Ways of Treating Anxiety
At its core, anxiety is a psychological issue, and there are a number of ways to relieve stress and anxiety, as well as the secondary conditions that are often a consequence of it. Additionally, taking steps to reduce stress and anxiety can boost your immune system functioning. Here are six ways to address stress and anxiety:
Exercise is one of the world’s best stress and anxiety reducers as it burns off the stress hormones to help the body return to a state of equilibrium. Exercise also produces natural opiates that help you feel good and relaxed. Regular exercise also helps promote better sleep and dietary habits.
2) Noninvasive Treatments
Spa treatments like float therapy helps relieve stress and anxiety. Also known as sensory tank deprivation therapy, float therapy suspends your body on the surface of a high-salinity solution inside a tank or room that shuts out all external stimuli. This allows you to float effortlessly while shutting out all outside distractions that often cause anxiety.
Short meditation sessions can have a profound effect on reducing stress. Meditation has been shown to lower heart rate and blood pressure and improve mood by reducing stress hormone levels and increasing the body’s natural opiates. All of this can help alleviate anxiety. However, it must be noted that meditation’s stress reduction benefits are relatively short-lived compared to the same benefits produced by exercise that can last for over 24 hours. So, exercise when you can and meditate when you can’t.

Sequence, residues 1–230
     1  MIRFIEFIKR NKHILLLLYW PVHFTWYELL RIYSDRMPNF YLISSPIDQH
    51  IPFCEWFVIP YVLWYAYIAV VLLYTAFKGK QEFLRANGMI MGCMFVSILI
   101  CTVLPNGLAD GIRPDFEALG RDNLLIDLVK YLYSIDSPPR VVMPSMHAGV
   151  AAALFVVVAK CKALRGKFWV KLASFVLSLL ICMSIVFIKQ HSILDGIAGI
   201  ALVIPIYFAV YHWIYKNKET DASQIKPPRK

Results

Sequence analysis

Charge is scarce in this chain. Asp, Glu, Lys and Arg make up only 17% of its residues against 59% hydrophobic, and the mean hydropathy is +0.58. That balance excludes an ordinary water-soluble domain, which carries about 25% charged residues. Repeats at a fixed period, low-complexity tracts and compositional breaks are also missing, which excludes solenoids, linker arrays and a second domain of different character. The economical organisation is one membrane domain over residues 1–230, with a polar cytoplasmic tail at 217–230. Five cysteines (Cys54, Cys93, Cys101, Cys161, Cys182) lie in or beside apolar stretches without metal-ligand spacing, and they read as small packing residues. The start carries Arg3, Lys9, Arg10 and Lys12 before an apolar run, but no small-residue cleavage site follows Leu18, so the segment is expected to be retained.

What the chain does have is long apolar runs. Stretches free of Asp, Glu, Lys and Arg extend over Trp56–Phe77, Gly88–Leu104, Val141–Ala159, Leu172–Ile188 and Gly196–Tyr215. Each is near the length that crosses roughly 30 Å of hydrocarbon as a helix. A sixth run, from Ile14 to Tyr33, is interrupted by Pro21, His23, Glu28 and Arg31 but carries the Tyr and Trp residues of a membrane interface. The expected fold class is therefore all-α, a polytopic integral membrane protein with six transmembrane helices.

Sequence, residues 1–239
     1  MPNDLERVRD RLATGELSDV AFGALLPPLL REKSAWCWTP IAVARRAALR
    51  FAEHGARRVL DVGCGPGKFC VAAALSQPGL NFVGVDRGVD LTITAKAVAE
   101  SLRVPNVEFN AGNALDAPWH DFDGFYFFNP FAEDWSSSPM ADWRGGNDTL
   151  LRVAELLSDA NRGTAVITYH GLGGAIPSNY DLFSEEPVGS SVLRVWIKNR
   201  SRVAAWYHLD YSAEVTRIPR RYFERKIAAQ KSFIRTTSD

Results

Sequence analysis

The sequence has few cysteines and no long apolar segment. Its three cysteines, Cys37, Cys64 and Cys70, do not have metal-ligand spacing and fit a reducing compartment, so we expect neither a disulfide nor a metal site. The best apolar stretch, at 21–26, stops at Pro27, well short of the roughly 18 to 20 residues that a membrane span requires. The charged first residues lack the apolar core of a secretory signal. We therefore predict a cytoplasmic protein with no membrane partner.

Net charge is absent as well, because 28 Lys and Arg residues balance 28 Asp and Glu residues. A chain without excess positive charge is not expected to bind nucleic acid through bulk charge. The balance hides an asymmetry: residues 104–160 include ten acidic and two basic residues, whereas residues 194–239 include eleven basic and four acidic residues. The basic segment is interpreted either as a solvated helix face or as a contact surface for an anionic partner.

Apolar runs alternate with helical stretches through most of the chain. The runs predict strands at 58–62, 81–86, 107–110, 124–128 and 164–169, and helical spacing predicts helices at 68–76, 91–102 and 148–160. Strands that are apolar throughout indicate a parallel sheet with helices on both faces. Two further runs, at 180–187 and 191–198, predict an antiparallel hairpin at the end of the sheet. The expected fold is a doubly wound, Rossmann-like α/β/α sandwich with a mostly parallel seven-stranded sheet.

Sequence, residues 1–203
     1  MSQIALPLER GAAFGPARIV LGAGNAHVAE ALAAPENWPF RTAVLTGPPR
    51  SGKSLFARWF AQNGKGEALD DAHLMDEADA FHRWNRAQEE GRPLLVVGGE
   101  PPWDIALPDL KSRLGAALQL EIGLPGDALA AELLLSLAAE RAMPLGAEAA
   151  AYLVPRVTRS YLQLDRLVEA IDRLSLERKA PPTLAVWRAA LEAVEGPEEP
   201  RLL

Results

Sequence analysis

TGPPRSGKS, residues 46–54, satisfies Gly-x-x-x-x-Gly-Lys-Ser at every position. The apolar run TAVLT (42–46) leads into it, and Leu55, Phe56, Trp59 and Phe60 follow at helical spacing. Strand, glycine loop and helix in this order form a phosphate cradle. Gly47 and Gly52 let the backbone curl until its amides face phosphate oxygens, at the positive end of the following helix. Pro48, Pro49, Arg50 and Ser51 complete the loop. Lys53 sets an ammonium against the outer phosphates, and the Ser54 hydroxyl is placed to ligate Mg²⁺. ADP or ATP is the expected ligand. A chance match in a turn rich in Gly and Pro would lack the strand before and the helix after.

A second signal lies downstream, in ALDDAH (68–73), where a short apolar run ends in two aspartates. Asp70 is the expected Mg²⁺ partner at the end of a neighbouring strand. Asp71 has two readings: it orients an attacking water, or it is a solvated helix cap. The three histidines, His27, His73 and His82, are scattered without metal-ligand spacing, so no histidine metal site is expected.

Many times, the causes of anxiety are rooted deep in the subconscious and result from issues that the conscious mind is unaware of. Sometimes referred to as talk therapy, working with a qualified counselor can help you uncover the issues causing your anxiety.
People struggling with anxiety should remember a few simple dietary dos and don’ts:
• Avoid alcohol, caffeine, and nicotine, as these can cause symptoms of anxiety.
• Limit foods with a lot of simple carbohydrates to avoid the sudden crash after the sugar is burned off. Instead, eat foods high in complex carbohydrates to keep your blood sugar levels stable throughout the day.
• Drink at least a quart of plain water daily to stay adequately hydrated.
• Try not to skip meals as this will destabilize blood sugar levels. Studies have shown that eating a well-balanced diet containing fruits, vegetables, chicken, and fish with healthy fats at regular intervals is the best way to maintain constant blood sugar levels throughout the day and night.
• Stay away from sodas and other sugary drinks, especially those that contain caffeine.
• Try not to sit and think about events that could trigger your anxiety, especially before bed. If you feel yourself starting to dwell on issues, find something to distract yourself or try going for a walk.
Prescription drugs should be an option of last resort. If you have tried everything else, talk to your healthcare provider to discuss what pharmaceutical options are available to help with anxiety.
Anxiety is the body’s way of telling us we are dealing with too much stress. When the anxiety becomes overwhelming, interfering with daily activities and sleep cycles, it’s time to seek help. Be Still Float wellness studio in Jacksonville, Florida, provides stress therapy in Jacksonville and offers several noninvasive ways to relieve stress, including massage therapy, sound healing, and float therapy. If you are in the Jacksonville area, call them to make an appointment or visit them online at BeStillFloat.com. If you are outside the Jacksonville area, you can find services by performing an online search for “stress therapy near me”.